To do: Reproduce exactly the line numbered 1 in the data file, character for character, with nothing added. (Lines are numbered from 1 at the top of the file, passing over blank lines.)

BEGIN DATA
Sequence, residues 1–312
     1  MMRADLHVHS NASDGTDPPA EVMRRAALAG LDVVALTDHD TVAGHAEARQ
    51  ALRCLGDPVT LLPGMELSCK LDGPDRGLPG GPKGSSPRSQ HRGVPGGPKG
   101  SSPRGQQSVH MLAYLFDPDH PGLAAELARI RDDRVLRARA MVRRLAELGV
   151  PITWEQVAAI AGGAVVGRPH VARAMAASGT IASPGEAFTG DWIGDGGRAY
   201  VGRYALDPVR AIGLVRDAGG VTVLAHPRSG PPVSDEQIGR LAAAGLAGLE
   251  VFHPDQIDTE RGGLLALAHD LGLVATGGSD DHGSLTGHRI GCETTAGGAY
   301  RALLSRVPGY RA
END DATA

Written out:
Sequence, residues 1–312